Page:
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San Diego, CA — James Slatic took every precaution possible to ensure his California medical marijuana business was in full compliance with local, state, and federal laws — and that appropriate taxes and fees, hundreds of thousands each year, were always paid on time.

But despite conducting business professionally and legally, nearly 30 heavily armed San Diego police and DEA agents broke into and destroyed Med-West Distribution, stole all the legal products inside, confiscated his computers and servers — and proceeded to clean out his entire family’s life savings, including the accounts of his high school and college-aged daughters, and his 84-year-old mother’s safety deposit box.

By obstinately refusing to acknowledge Med-West’s legal status, law enforcement used highly contentious federal civil asset forfeiture (CAF) law to rob the Slatics of everything they’d earned — including $324,000 in proceeds from the lucrative medical cannabis business, according to the Institute for Justice (IJ).

“This case is not about crime fighting,” IJ attorney Wesley Hottot, who now represents the Slatics, explained. “This case is about policing for profit, and it illustrates the abusive power of civil forfeiture at its worst.”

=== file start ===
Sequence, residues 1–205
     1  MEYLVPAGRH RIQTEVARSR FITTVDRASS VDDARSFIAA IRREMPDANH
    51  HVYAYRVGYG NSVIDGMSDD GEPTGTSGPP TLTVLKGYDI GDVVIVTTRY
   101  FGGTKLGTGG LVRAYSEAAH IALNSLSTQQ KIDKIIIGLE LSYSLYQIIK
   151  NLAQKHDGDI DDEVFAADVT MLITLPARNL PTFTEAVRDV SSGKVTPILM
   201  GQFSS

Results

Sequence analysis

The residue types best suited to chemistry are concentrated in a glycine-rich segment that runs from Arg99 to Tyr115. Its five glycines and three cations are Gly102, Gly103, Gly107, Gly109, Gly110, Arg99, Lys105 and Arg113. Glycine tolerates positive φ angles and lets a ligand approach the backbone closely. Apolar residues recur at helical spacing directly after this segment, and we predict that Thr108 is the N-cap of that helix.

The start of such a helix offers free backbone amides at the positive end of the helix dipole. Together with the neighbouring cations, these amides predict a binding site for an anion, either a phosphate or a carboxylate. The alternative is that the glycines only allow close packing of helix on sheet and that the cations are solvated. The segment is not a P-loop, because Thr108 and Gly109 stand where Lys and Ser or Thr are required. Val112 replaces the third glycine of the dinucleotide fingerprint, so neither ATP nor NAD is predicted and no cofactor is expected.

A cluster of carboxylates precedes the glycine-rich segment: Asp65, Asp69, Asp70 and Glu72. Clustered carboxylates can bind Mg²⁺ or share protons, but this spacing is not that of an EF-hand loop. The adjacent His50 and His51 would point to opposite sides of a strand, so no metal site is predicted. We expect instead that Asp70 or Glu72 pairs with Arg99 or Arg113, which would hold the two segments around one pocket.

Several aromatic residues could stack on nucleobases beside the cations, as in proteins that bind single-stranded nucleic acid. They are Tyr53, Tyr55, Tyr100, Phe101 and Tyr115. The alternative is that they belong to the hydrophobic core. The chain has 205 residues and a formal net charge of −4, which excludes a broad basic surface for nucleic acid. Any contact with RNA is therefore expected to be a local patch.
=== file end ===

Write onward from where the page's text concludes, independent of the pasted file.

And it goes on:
As countless families and individuals around the country have been shocked to learn, the State can rob you blind, taking everything of value — bank accounts, vehicles, electronics, and even houses, etc. — without proof any crime has been committed.

James Slatic has never been convicted or charged with any wrongdoing in the matter — but the nightmare of civil asset forfeiture doesn’t end with a lack of charges or conviction. In fact, attempting to reclaim property and cash can be a nightmare of red tape, court appearances and legal fees — and, even then, isn’t always a successful venture. And like so many others, Slatic had not been familiar with this legal, policing-for-profit scheme prior to his firsthand encounter.

“I’ve done nothing wrong,” he told the Institute for Justice. “It’s beyond frustrating that my family’s money was taken without any criminal charges being filed. My wife and teenage daughters had nothing to do with my business whatsoever, and the District Attorney took their college savings accounts. This is not just wrong; it is unconstitutional.”

While he certainly might be right, CAF is federal law — a brief reprieve in January, when the Department of Justice suspended the program, only lasted through early April — because the ability of police to steal people’s stuff and either use it or the proceeds from its sale is just too damned profitable.

Indeed, police and other agencies — particularly the Drug Enforcement Agency — make a killing in this legalized State robbery sham, and many departments have come to rely on CAF profiteering to bolster their funding.